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A Temporary Home

Living The Dream At Columbia’s Fire Station No. 1

(page 1 of 5)


There are noises associated with firefighting: the distinctive wail of a siren … boots charging to the engines after the call of an alarm … water pounding from the nozzle of a hose against wood and bricks … flames crackling as a fire turns an old auto shop into a skeleton of burnt rubber, depleted oil and melted plastic.

But it’s also the sound of three dozen eggs frying in an industrial-size pan on the stove on a Saturday morning. And it’s the sound of a basketball bouncing off an unforgiving rim, much to the chagrin of the three-man team watching its hard return back into the game.

The most pervasive sound, though, is silence — the absence of any noise at all. The soft ticking of a clock or the turning of a page barely punctures the stillness of waiting.

It’s just another 24-hour shift at Station No. 1 with the Columbia Fire Department, which balances camaraderie with calamity on a daily basis.




The call comes in from Edgewood Avenue around 2:30 p.m. with three consecutive beeps signifying Station No. 1’s district. There’s no blaring red alarm, no piercing siren and definitely no long silver pole to slide down. Instead, a soothing female voice announces the details over an intercom, followed by three loud beeps. It’s neither annoying nor distinctive. To those who wait, it’s a call to action.




Roll call starts promptly at 7 a.m., with dress code enforced ― white or blue uniform shirt with the CFD crest emblazoned in golden thread over the right breast, tucked into navy blue trouser pants, black shoes laced and clean, facial hair removed, with the apparent exception of mustaches. At 7:15 a.m., as part of the routine morning test, the sirens sound and the radio crackles in each of the three fire trucks in the garage. The firefighters measure gauges, check pressures, and on Mondays, wipe down windows.

On Saturdays, they raise the ladders and lifts on the trucks to their full heights.

Fire Engineer Justin Collins drives Engine 12 onto the massive concrete driveway. Engine 12’s lieutenant, Kyle Fansler, circles the truck, gesturing when it’s deemed all clear. While meticulous and lengthy, the process is necessary. The job has little room for mistakes.

 Like all companies, Engine 12 consists of an officer to communicate with headquarters, an engineer to drive the apparatus and a firefighter to respond first. The roles serve to streamline protocol at the scene of a fire so that each person knows his or her main task.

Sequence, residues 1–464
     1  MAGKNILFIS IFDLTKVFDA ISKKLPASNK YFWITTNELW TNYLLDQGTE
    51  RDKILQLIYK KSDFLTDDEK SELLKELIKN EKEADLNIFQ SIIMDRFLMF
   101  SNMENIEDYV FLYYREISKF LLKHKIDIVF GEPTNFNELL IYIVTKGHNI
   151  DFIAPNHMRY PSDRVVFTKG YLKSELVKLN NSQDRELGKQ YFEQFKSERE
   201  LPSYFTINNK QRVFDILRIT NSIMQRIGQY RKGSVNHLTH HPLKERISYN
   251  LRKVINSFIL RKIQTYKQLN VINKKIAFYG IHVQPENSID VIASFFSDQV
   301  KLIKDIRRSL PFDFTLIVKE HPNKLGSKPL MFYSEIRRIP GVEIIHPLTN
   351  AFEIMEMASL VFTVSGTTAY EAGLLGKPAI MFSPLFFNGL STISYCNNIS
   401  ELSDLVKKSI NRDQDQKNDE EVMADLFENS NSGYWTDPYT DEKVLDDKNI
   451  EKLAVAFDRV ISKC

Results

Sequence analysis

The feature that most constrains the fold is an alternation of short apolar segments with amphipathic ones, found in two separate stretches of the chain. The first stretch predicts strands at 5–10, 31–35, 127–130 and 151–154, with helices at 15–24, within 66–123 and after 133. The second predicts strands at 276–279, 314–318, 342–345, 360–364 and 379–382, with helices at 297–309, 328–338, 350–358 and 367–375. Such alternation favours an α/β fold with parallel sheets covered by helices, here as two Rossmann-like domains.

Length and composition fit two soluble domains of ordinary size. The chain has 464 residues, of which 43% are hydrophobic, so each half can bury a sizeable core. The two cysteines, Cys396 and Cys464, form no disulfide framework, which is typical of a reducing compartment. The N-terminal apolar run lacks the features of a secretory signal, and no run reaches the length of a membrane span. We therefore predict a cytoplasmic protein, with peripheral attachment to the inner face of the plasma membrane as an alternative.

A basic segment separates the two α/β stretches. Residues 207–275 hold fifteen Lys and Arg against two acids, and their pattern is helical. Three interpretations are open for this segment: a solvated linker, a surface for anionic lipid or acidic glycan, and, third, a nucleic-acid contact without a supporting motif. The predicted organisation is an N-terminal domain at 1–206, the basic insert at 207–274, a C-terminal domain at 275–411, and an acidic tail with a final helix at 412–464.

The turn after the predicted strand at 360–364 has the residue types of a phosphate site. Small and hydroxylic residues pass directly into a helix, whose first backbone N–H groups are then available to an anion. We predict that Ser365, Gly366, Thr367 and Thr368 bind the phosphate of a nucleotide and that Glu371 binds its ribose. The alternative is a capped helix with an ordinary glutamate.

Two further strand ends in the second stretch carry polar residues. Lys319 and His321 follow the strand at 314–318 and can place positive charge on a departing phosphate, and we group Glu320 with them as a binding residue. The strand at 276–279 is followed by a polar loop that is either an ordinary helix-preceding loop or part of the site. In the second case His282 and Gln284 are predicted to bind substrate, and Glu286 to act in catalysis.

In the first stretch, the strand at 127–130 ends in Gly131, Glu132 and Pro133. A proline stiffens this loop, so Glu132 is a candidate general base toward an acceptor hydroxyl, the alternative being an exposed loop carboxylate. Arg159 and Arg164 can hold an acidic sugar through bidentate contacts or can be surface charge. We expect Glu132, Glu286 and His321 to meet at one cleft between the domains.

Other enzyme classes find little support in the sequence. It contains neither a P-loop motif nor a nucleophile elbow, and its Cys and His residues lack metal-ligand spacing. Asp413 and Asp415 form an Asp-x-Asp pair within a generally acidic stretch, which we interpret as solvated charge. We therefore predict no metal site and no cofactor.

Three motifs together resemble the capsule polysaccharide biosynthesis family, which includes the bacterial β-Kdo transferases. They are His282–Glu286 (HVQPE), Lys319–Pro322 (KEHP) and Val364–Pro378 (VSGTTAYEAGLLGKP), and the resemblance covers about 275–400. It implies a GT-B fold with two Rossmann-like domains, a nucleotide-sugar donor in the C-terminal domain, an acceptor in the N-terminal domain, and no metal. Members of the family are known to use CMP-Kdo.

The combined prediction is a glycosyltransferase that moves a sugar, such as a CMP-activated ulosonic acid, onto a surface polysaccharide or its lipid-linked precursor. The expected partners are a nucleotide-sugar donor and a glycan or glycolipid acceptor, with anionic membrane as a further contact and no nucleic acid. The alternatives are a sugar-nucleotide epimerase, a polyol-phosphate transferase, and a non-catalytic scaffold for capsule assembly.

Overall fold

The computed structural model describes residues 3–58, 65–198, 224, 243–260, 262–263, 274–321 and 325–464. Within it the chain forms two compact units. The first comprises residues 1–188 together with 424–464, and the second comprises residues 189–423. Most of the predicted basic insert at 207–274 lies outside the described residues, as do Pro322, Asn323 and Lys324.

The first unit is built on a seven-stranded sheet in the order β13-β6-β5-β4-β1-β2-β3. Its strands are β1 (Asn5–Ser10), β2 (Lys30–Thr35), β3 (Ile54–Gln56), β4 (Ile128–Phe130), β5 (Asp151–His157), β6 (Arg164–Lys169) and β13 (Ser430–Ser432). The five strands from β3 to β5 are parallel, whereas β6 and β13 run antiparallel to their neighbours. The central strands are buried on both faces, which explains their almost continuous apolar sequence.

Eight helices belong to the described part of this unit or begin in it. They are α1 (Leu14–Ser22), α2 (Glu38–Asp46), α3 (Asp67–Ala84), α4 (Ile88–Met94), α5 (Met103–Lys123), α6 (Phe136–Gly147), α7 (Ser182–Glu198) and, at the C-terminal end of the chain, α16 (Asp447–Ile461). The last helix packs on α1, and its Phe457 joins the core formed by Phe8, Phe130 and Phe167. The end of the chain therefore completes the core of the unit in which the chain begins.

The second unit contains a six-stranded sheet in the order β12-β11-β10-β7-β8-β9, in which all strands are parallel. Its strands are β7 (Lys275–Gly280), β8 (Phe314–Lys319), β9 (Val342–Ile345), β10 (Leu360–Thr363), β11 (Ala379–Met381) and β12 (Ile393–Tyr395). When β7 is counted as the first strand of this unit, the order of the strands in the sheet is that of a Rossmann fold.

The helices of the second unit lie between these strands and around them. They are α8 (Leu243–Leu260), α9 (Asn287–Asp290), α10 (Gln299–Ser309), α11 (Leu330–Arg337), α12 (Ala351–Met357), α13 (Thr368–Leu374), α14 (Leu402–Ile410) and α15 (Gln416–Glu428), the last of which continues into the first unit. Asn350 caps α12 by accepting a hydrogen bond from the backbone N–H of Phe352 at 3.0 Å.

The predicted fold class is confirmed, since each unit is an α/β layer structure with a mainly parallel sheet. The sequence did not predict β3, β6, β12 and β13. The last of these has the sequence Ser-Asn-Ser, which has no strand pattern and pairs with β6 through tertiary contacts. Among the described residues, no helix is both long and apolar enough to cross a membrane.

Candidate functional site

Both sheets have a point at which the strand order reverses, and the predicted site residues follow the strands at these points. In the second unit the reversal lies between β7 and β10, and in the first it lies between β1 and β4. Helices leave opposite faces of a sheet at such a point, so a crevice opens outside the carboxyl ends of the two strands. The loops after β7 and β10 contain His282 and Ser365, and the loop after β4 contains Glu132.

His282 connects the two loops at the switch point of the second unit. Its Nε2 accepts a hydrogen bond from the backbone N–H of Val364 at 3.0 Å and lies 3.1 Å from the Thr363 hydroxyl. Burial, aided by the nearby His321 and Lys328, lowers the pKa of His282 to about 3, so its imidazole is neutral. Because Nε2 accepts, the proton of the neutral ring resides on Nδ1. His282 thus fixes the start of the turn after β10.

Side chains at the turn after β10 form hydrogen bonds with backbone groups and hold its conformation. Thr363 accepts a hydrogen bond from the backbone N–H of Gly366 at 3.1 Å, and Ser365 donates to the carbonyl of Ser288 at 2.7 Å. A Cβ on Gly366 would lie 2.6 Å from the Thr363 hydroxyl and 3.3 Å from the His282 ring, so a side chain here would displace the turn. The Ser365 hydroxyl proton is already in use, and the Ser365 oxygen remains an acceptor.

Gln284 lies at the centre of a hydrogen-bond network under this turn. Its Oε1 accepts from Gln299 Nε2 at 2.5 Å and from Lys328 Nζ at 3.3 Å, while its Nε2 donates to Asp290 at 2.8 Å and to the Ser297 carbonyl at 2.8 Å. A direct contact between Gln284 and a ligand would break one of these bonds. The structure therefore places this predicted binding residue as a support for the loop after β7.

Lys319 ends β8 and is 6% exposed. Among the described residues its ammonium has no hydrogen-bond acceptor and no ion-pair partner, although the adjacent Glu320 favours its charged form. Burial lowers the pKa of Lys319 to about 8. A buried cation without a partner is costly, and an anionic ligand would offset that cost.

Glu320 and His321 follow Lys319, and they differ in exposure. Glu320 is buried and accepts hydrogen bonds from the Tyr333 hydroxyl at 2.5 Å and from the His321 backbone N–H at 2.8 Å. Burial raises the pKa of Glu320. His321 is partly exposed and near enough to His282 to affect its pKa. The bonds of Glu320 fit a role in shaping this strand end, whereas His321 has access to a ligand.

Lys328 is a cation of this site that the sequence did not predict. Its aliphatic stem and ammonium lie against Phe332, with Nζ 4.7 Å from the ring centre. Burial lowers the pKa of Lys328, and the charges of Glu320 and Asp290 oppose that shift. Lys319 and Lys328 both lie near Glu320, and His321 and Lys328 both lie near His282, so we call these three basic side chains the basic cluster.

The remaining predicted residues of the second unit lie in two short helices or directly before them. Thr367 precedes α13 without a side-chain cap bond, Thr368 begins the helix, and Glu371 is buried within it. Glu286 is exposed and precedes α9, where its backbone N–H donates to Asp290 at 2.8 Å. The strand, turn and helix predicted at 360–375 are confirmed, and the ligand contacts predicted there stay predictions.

“Each position highlights a strength, not superiority,” Fansler says. “Each job is as important as the other.”

Station No. 1 is the biggest in Columbia, in part because of the attached Fire Administration office that conducts fire investigations, enforces fire codes, coordinates public relations events and handles administrative functions. Located at 201 Orr St., it currently houses Ladder 1 and Engine 12, as well as a reserve Snozzle, reserve ladder, foam truck, utility truck, rescue boat and ATV, and the division and battalion chiefs’ trucks in its vast, vaulted garage. The CFD is staffed by 129 uniformed employees across nine stations.

In the garage, the trucks sit gleaming in fluorescent light. “Fire Protection Thru Education” is displayed on the sides, along with decals of Mizzou tiger heads and Scooby Doo in full gear. The shiny, hulking masses of Engine 12 and Ladder 1 sit at the ready behind the floor-to-ceiling doors. Ladders, as the name suggests, have a 95-foot extension with a platform, longer than those on an engine or other types of fire trucks: quints, Snozzles and squads. Quints are named for their five uses: as a fire hose, aerial device, water tank, fire pump and ground ladder. A Snozzle is a fire truck with a 65-foot pointed tool meant to pump water, pierce windows and register thermal images from its mounted tip. Heavily equipped squads are used for rescue calls in more delicate situations such as high angles, automobiles, ice and caves. Each apparatus, costing around $750,000, is sent out based on the specifics of the call and the services needed.


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